Thesis - Open Access
Master of Science (MS)
The name "epizootic hemorrhagic disease" (EHD) of deer was first given by Shope et al. in 1955 because of the occurrence of the hemorrhagic disease in large epizootic_ proportions and because of its pathological features. It was also determined by them that the causative agent for the disease is a virus. Difficulties in studying the causative agent have been encountered because no host system other than the deer itself was available to support replication or detect the virus. However, isolation of the New Jersey strain of EHD virus was accomplished by Mettler et al. in 1962 using newborn mice and Hela cells. Limited success of the isolation of South Dakota strains of EHD virus was achieved by Pirtle and Layton in 1961. Yet there is no one ideal tissue culture system that has been applied to the study of EHD virus, especially the South Dakota strain. Therefore, there is a need for a cell culture system in which the cytopathogenic effect is obvious, rapid in onset, regularly reproducible, and.the yield of virus is high. This study was undertaken to develop a tissue culture system which would allow the detection, isolation and characterization of the virus. In order to develop a rapid laboratory diagnostic method for the disease, the study was extended to determine the relationship between the EHD disease and the total serum cholesterol level.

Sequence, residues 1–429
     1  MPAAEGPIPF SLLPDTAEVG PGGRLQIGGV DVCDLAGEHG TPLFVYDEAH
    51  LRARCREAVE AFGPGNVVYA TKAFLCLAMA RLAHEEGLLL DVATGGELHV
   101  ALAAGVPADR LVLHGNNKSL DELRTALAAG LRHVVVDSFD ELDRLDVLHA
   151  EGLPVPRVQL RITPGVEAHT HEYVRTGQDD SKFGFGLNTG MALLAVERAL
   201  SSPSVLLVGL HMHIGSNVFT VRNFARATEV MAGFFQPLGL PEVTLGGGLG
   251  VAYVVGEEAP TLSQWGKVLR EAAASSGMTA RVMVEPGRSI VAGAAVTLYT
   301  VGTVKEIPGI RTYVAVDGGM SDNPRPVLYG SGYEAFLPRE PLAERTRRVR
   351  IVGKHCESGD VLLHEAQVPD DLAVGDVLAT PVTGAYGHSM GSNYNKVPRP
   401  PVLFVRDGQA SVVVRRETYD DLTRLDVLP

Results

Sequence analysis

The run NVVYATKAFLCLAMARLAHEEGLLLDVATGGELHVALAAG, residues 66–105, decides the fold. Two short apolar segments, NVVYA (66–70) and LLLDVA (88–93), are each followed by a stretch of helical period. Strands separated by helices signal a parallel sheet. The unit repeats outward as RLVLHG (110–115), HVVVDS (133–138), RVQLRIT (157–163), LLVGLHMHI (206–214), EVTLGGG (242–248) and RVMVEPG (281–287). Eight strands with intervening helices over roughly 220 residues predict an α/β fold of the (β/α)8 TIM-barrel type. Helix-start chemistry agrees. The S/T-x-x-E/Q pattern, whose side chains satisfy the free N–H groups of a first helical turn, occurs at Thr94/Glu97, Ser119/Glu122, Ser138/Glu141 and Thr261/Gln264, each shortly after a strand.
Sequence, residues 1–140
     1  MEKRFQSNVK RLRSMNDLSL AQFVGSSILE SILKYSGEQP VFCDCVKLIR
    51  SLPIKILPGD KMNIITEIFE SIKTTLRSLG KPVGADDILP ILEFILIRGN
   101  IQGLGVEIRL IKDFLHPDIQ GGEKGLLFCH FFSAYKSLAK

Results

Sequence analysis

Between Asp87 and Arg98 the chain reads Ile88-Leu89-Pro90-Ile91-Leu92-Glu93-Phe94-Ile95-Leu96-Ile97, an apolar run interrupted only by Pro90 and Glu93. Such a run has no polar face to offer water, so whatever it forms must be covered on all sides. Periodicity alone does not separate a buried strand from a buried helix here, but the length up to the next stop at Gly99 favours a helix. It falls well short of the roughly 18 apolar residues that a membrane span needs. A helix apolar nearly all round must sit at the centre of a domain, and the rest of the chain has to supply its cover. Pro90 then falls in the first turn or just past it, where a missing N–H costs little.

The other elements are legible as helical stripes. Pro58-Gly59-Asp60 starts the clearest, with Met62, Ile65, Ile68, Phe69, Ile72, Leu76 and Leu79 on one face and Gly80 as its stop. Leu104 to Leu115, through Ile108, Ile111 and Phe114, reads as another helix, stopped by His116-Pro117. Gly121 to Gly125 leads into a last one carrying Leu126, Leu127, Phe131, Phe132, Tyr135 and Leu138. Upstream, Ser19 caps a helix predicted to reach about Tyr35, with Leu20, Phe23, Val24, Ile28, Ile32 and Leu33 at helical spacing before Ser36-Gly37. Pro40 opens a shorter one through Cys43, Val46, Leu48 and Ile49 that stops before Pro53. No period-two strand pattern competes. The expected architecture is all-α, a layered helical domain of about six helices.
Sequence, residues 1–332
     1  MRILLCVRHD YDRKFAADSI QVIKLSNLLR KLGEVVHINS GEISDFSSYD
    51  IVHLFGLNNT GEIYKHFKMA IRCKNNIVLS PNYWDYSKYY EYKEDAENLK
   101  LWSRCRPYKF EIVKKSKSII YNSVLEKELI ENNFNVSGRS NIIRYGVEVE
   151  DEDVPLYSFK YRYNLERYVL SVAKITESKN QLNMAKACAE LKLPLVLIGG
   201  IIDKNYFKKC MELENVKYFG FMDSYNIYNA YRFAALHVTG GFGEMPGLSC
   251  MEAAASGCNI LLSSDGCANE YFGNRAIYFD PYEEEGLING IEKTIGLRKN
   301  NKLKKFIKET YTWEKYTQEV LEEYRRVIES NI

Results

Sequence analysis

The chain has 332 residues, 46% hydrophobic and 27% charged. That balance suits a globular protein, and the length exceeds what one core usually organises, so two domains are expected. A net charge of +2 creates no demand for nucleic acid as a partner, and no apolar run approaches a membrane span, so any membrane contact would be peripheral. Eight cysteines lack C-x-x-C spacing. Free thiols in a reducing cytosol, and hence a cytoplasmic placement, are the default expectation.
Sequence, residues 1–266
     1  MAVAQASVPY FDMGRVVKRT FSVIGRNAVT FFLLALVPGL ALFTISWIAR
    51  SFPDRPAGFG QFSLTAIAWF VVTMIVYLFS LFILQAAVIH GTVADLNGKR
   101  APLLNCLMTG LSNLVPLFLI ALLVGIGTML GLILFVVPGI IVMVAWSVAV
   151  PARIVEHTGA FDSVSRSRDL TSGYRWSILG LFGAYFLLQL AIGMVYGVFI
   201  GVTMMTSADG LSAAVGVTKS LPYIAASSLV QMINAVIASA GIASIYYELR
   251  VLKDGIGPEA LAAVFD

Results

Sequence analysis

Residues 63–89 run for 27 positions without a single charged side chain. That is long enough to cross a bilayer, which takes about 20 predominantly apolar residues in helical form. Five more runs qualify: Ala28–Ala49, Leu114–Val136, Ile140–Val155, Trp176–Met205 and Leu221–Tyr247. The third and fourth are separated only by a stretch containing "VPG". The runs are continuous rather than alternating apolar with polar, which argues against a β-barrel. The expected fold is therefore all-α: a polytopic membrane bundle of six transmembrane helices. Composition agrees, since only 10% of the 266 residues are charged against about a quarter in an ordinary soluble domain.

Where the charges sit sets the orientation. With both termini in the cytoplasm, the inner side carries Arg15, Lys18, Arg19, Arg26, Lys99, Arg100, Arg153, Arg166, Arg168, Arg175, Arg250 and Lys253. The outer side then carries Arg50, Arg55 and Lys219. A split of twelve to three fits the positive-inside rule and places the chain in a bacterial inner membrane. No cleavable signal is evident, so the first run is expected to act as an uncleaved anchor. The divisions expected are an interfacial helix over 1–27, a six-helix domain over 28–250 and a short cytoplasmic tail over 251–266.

Library of Congress Subject Headings
Communicable diseases in animals
South Dakota State University Theses
Number of Pages
South Dakota State University
Liu, Hsing Kuei, "Isolation an Characterization of the Virus of Epizootic Hemorrhagic Disease (EHD) of Deer" (1970). Electronic Theses and Dissertations. 3808.